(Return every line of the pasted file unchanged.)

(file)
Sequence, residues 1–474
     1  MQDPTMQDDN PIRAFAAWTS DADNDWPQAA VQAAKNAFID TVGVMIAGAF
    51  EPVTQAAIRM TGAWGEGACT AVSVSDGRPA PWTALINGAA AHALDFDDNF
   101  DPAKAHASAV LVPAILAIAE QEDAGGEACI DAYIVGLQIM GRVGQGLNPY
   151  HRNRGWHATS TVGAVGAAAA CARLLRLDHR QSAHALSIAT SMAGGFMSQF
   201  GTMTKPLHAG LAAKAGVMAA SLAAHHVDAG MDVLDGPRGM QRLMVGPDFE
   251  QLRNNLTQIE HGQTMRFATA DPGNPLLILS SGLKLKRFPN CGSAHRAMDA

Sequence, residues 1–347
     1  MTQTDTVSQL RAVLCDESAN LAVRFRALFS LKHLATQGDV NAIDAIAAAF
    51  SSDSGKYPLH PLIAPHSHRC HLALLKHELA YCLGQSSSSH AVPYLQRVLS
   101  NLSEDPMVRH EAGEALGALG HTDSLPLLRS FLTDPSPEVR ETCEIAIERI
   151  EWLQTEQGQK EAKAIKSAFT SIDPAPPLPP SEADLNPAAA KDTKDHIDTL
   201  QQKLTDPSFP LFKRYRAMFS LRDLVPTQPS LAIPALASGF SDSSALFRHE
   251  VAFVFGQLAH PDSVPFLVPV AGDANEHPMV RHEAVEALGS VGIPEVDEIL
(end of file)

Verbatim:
Sequence, residues 1–474
     1  MQDPTMQDDN PIRAFAAWTS DADNDWPQAA VQAAKNAFID TVGVMIAGAF
    51  EPVTQAAIRM TGAWGEGACT AVSVSDGRPA PWTALINGAA AHALDFDDNF
   101  DPAKAHASAV LVPAILAIAE QEDAGGEACI DAYIVGLQIM GRVGQGLNPY
   151  HRNRGWHATS TVGAVGAAAA CARLLRLDHR QSAHALSIAT SMAGGFMSQF
   201  GTMTKPLHAG LAAKAGVMAA SLAAHHVDAG MDVLDGPRGM QRLMVGPDFE
   251  QLRNNLTQIE HGQTMRFATA DPGNPLLILS SGLKLKRFPN CGSAHRAMDA

Sequence, residues 1–347
     1  MTQTDTVSQL RAVLCDESAN LAVRFRALFS LKHLATQGDV NAIDAIAAAF
    51  SSDSGKYPLH PLIAPHSHRC HLALLKHELA YCLGQSSSSH AVPYLQRVLS
   101  NLSEDPMVRH EAGEALGALG HTDSLPLLRS FLTDPSPEVR ETCEIAIERI
   151  EWLQTEQGQK EAKAIKSAFT SIDPAPPLPP SEADLNPAAA KDTKDHIDTL
   201  QQKLTDPSFP LFKRYRAMFS LRDLVPTQPS LAIPALASGF SDSSALFRHE
   251  VAFVFGQLAH PDSVPFLVPV AGDANEHPMV RHEAVEALGS VGIPEVDEIL